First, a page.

The House Committee on Ways and Means on Wednesday held a hearing on fundamental tax reform. Focusing on the objectives of tax reform, the hearing also explored issues of fairness, the impact of growth and methods for making compliance easier for individuals and businesses.
“America needs a tax system that is fair, protects the poor, treats all Americans the same and is easy to understand,” Congressman John Linder (R-GA), a member of the Ways and Means Committee said in a statement submitted to the Committee. “This new system must be voluntary, not coercive or intrusive. It must be transparent, eliminating hidden taxes and ensuring that all Americans know what the government costs. Our reform efforts must also be border-neutral so that our exports are free of the burden of the tax code and can become competitive around the world. Fundamental reform must stop picking winners and losers through the tax code and ensure the long-term solvency of Social Security and Medicare.”
One of the concepts discussed during the hearing was that of “border adjustments.” “Border adjustments” are value-added taxes on imports and rebates on exports that are common features of consumption-oriented tax systems. MarketWatch cites the American Enterprise Institute in reporting that the U.S. is the only country in the organization for Economic Cooperation and Development without border-adjusted taxation.
The role of “border adjustments” in narrowing or eliminating the trade deficit, has been the subject of much debate among lawmakers and economists. The U.S. trade deficit is running at a record rate of $696 billion annually in the first three months of 2005. Two economists testifying before the Committee, however, maintained that “border adjustments” alone will not close the trade gap.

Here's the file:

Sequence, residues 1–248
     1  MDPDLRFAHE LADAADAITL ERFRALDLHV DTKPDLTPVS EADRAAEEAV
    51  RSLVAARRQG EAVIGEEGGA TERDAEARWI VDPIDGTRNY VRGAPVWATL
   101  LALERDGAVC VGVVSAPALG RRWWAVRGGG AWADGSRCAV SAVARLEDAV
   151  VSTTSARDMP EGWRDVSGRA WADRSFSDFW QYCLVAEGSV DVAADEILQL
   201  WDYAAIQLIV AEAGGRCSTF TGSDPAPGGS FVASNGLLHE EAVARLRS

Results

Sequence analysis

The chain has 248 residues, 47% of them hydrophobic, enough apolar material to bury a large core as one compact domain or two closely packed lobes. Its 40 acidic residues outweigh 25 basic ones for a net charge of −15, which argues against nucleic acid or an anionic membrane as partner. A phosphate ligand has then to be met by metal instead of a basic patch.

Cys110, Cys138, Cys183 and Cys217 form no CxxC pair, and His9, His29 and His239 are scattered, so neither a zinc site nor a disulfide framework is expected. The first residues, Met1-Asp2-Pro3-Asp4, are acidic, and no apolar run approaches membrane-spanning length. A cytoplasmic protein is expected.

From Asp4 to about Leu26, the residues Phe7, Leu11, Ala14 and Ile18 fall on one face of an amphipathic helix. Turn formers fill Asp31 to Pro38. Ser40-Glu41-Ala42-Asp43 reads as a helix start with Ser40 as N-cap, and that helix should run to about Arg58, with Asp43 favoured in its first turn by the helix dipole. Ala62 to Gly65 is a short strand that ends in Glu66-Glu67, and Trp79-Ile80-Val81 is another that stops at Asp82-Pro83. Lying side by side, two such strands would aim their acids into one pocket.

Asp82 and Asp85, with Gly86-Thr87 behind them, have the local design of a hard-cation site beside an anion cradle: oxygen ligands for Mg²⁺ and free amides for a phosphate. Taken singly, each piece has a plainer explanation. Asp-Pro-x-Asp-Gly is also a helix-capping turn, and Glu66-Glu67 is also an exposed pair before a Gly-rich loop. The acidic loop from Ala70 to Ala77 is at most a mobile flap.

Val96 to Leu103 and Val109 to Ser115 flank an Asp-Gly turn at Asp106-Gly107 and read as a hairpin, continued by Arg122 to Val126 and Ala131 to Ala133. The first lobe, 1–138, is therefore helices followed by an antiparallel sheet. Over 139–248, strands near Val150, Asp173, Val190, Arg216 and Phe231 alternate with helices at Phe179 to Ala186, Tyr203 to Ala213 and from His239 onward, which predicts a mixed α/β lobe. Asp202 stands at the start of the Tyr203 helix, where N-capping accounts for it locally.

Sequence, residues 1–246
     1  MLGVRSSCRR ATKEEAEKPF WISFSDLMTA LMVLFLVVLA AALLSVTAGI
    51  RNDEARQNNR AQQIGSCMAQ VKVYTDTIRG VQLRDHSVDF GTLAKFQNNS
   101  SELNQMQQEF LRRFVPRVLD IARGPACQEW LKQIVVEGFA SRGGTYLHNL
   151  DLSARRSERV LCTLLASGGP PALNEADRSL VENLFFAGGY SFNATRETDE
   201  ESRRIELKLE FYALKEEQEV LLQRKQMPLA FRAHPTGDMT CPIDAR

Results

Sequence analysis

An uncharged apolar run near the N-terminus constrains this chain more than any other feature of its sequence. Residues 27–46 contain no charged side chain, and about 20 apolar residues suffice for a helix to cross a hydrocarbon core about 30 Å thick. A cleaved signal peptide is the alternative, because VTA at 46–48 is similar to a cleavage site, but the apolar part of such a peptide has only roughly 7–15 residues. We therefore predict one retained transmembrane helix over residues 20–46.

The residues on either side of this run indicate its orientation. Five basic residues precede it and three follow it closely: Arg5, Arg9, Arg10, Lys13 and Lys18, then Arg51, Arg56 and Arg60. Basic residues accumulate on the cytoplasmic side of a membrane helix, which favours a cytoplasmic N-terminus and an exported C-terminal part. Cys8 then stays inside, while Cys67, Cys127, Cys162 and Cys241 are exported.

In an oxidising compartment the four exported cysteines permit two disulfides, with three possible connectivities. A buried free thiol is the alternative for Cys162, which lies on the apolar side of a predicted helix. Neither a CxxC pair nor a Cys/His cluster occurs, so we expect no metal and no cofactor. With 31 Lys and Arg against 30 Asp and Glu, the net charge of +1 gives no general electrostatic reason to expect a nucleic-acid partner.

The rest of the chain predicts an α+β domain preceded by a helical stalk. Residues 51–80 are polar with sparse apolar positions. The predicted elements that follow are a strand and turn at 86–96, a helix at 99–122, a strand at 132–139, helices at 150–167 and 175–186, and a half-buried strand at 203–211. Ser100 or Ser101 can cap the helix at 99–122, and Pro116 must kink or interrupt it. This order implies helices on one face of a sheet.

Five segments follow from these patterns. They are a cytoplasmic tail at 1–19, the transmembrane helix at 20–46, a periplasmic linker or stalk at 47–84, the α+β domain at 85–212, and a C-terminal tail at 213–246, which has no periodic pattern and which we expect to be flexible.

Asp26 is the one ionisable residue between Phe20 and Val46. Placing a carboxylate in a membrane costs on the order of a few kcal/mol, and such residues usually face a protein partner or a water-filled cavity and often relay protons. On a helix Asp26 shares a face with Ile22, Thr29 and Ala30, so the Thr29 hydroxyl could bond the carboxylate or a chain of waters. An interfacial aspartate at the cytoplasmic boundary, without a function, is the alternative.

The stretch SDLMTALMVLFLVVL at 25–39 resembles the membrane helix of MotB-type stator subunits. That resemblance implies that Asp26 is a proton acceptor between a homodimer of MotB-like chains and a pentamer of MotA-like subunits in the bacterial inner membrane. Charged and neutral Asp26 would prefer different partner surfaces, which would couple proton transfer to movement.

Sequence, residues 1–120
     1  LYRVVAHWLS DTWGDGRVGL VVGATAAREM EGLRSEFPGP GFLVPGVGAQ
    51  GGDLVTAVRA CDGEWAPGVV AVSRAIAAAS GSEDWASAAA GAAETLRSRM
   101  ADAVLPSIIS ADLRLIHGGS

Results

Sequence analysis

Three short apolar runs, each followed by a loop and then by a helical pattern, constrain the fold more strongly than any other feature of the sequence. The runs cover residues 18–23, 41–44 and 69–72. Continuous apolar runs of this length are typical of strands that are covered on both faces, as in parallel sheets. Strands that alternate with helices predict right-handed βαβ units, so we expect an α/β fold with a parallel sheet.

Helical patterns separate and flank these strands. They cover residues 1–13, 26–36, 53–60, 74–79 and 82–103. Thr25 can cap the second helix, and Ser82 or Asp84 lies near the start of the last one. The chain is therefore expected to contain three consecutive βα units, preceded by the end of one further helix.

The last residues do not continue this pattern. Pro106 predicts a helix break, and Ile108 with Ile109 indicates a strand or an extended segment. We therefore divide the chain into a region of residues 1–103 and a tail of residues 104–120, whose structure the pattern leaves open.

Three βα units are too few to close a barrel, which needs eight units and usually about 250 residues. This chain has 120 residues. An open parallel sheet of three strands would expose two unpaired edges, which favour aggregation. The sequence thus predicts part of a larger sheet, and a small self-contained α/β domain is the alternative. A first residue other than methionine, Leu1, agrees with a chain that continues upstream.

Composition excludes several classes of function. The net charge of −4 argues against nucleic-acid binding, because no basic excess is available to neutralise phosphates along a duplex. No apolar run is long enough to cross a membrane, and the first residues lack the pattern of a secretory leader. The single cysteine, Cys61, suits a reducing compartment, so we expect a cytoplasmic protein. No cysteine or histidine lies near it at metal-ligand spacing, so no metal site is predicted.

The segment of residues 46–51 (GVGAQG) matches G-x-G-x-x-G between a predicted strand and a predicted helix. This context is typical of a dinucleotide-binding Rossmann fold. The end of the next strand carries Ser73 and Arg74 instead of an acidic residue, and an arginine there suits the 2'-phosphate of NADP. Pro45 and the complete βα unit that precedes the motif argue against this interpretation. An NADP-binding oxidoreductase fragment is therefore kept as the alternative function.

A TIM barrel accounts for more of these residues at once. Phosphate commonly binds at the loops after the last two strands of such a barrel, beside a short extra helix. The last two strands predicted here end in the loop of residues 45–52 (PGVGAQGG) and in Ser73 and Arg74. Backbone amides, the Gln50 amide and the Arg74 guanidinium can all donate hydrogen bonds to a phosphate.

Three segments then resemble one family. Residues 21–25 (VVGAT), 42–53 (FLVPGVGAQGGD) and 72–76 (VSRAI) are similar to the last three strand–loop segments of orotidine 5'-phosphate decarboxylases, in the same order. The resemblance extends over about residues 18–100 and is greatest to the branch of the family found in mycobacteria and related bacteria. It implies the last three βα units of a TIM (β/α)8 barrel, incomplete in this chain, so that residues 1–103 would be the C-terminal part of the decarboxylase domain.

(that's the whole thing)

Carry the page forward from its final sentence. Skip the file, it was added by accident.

MarketWatch reports that Alan Auerbach, economist and tax policy expert from the University of California at Berkley, told the Committee in prepared testimony that border adjustments would simply strengthen the dollar, “putting importers and exporters in the same competitive positions no matter which approach is adopted.”
Under questioning Auerbach conceded that there are “things you can do in tax reform, especially in terms of increasing national savings” that stand a better chance of eliminating the trade imbalance.
MarketWatch reports that economist Glenn Hubbard, dean of the Columbia University Graduate School of Business and former chairman of President Bush’s Council of Economic Advisers, agreed that border adjustments would be unlikely to significantly alter the trade gap saying “I don’t think you should expect a border-adjusted tax, per se, to [close] huge deficits.”
The overhaul of the federal tax system is one of President Bush’s top legislative priorities during his second term. Recommendations for reforming the federal income tax code are expected before the end of July from the advisory panel created by the president earlier this year.
“As the one committee in the House that is charged with understanding and evaluating the product from the president’s panel, it’s useful to begin an analysis of the kinds of criteria that would be useful in making choices based upon some of the panel’s suggestions,” Bill Thomas (R-CA), chairman of the Ways and Means Committee told CNN.